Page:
• The deficit grows about $3 million each and every minute. http://latimesblogs.latimes.com/washington/2011/08/obama-national-debt.html

    • While Republicans sought to rein in spending to historic levels, Democrats fought to lock in Nerobama’s unprecedented growth in government as the new normal going forward.

    • Nerobama called for “the rich” to “pay their fair share.” Unmentioned is the fact that the rich in America already pay more than the rich in any other developed country. http://finance.fortune.cnn.com/2011/08/25/the-critical-facts-that-no-one-mentioned-in-the-debt-debate/?section=magazines_fortune&utm_source=feedburner&utm_medium=feed&utm_campaign=Feed%3A+rss%2Fmagazines_fortune+%28Fortune+Magazine%29

    • 1 Aug. Debt ceiling compromise increased Federal borrowing authority to $16 trillion.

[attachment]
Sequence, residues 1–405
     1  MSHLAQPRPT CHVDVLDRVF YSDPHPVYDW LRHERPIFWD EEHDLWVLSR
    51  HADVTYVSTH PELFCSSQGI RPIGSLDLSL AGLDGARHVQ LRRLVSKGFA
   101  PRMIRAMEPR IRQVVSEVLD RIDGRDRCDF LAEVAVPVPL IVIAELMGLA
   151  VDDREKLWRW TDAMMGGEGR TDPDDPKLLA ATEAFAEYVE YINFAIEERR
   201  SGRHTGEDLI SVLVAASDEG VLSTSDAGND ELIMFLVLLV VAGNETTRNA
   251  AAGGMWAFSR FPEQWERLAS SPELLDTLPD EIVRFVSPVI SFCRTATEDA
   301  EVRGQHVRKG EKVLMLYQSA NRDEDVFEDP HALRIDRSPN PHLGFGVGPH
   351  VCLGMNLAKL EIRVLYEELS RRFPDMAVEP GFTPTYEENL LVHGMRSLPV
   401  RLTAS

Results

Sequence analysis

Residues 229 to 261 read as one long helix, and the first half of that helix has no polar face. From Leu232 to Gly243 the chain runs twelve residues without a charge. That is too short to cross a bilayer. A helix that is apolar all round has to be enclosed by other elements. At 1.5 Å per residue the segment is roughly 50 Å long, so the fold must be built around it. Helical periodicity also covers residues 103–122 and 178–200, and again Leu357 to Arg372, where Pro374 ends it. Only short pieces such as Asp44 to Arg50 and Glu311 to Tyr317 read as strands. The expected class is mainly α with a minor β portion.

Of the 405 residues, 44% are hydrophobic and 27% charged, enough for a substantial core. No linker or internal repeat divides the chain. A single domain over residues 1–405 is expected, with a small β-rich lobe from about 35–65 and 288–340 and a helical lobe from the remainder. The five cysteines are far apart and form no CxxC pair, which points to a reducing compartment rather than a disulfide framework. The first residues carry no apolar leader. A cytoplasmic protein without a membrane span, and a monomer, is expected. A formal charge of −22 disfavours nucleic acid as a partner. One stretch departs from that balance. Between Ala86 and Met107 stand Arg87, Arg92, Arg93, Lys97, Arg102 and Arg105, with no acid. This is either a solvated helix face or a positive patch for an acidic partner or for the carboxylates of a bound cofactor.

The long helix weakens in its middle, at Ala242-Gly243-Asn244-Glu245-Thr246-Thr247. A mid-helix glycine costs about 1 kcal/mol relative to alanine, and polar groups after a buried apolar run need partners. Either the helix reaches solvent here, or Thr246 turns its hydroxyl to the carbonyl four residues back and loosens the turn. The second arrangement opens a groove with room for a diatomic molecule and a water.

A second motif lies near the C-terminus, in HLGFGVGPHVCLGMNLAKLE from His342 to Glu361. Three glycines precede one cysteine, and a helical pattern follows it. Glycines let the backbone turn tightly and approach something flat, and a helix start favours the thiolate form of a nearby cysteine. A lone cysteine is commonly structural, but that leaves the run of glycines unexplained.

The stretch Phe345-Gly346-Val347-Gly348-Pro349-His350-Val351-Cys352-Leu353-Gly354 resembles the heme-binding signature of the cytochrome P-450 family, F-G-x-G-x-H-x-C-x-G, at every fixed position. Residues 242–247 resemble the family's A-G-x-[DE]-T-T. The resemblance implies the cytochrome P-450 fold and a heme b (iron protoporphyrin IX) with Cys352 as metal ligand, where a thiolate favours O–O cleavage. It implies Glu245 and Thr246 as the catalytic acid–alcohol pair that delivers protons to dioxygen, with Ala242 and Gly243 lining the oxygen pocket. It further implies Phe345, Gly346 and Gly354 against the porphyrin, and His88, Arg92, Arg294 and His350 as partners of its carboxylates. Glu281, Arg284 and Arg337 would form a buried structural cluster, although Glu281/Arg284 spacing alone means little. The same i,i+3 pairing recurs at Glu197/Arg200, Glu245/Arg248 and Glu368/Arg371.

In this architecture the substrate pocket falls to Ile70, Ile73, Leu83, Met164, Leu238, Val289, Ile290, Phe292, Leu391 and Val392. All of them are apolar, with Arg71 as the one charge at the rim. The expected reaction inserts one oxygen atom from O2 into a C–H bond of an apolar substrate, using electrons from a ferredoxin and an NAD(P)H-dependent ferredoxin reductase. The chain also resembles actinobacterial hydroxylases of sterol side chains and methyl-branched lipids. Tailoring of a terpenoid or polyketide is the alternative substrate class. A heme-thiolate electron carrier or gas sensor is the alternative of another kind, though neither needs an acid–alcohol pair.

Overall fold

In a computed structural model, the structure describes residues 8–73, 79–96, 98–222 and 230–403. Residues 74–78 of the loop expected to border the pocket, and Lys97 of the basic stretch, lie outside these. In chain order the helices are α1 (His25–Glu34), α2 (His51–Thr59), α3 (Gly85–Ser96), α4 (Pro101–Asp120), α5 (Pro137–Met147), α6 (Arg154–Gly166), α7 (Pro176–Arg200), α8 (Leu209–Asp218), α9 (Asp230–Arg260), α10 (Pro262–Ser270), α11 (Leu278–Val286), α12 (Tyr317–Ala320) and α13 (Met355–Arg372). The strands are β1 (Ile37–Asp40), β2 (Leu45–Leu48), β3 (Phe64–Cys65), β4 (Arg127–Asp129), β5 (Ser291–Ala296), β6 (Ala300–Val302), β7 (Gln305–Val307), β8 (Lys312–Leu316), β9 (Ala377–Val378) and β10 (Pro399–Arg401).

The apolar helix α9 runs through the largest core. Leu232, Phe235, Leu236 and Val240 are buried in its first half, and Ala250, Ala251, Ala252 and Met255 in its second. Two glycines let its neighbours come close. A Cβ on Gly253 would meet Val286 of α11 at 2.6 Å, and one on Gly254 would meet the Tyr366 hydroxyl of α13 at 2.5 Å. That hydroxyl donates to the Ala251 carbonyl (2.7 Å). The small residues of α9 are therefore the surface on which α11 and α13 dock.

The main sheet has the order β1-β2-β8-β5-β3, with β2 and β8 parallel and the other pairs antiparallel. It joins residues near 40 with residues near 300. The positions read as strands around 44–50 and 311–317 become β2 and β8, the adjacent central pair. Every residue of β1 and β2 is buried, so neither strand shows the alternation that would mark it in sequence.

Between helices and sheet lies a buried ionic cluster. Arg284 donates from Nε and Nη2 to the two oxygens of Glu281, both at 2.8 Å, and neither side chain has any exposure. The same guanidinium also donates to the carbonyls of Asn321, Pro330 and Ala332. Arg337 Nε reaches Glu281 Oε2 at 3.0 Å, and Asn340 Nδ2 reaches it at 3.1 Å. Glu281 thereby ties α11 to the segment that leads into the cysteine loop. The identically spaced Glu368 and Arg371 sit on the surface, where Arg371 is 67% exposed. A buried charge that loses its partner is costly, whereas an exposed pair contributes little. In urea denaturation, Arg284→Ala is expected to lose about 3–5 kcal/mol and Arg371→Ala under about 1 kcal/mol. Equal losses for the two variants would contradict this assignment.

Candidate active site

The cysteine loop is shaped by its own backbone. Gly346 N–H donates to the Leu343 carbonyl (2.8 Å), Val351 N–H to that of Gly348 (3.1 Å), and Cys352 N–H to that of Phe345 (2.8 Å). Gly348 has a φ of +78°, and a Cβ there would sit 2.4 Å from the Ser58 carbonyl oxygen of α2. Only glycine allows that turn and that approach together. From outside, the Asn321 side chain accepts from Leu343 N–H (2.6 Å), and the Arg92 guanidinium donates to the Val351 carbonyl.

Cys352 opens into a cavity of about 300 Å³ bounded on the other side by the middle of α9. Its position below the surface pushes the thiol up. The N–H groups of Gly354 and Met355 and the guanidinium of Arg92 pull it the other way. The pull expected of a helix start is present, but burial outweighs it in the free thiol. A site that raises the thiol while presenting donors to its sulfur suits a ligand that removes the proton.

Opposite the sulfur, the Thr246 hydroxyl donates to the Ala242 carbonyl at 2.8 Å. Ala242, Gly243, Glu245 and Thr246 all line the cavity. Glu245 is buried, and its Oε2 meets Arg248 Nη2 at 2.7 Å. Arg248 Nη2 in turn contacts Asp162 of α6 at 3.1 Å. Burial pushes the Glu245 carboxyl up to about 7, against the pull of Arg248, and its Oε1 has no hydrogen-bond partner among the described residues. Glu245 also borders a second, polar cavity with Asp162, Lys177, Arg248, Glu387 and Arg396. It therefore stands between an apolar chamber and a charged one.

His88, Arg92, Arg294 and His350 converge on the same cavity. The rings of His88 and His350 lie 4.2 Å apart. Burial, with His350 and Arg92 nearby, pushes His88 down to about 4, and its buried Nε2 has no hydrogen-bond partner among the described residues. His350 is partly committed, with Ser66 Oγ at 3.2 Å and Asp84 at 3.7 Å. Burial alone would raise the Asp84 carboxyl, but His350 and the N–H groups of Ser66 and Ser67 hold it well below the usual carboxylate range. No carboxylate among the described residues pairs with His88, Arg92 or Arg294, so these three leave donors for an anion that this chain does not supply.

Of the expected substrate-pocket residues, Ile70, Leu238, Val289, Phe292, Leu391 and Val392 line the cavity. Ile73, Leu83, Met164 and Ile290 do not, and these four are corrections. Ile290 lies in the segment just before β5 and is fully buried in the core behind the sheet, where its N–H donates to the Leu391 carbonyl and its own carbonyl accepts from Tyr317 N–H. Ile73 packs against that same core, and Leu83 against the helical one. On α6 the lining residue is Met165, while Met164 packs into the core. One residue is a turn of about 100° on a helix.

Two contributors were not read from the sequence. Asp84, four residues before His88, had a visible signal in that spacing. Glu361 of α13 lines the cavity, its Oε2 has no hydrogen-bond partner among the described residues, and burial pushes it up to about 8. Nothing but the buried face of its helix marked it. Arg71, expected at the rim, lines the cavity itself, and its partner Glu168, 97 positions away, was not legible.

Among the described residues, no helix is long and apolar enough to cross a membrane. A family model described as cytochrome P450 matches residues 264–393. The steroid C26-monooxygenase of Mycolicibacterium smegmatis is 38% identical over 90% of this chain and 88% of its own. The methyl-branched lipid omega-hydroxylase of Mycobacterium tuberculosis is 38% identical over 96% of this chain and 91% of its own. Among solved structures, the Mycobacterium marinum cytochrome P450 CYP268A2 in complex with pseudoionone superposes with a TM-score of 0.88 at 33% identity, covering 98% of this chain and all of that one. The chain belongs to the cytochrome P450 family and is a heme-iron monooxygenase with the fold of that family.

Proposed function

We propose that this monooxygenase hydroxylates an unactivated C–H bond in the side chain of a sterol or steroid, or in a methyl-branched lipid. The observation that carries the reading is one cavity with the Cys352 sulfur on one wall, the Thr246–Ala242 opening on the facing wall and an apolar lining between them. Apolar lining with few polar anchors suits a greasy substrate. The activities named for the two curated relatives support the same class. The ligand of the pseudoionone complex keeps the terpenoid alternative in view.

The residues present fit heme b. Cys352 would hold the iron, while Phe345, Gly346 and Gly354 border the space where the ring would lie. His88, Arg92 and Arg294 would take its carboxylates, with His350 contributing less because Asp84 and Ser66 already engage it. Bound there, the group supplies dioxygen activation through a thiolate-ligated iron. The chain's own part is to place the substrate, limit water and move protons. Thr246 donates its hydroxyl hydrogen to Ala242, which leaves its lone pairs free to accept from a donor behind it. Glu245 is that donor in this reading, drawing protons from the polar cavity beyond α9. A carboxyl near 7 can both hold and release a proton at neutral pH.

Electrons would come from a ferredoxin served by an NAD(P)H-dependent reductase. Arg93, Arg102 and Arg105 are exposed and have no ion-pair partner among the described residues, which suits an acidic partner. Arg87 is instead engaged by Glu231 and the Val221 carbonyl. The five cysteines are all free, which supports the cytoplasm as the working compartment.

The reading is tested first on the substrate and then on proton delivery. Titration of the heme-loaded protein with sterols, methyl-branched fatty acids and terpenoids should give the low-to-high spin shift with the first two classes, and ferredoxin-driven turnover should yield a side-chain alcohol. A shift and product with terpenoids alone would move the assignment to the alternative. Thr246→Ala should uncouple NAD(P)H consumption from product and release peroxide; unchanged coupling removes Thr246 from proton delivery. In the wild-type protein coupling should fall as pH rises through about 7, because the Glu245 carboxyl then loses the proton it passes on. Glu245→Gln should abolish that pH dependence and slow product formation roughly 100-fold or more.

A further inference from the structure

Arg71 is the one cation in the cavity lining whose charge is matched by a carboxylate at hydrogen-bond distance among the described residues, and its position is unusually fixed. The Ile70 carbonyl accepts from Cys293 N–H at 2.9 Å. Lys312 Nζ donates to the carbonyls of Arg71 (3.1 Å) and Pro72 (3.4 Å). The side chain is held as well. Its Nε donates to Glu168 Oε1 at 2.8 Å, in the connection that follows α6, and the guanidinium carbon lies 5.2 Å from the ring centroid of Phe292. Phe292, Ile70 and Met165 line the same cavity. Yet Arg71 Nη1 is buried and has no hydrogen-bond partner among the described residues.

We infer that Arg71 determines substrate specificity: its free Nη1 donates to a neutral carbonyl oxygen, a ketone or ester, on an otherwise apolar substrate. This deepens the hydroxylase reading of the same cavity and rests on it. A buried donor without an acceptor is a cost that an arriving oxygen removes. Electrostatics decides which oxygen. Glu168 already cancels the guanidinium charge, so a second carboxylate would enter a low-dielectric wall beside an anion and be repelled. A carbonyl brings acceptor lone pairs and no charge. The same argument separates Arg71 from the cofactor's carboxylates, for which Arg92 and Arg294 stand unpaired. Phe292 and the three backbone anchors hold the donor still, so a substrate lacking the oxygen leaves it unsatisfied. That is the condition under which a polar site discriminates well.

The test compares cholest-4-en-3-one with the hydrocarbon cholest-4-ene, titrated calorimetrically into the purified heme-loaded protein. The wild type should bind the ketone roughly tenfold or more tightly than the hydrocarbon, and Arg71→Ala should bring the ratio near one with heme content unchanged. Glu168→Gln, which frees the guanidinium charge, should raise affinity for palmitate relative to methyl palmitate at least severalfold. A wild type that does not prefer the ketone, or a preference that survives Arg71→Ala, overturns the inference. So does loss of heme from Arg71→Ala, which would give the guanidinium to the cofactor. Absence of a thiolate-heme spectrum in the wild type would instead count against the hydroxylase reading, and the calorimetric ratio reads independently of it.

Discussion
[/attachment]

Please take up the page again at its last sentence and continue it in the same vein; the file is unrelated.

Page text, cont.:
• 2 Aug. Gold leapt to record high, over $1660.

    • 2 Aug. David Farr, the CEO of Emerson Electric, announced that the company is starting to cut spending as a result of the slowing economy. He said that, in view of the “enormous regulations” being issued out of Washington, “The incentive to invest in the U.S. right now is negative.” Farr cited an environment of waning corporate confidence amid new government regulations, and described the US government as “dysfunctional” and unable to tackle excess debt and spending. “Washington is arranging the chairs on the Titanic the way I look at it.” He added, “I don’t know how much lower the consumer can go.” http://www.reuters.com/article/2011/08/02/emerson-farr-idUSN1E7711PW20110802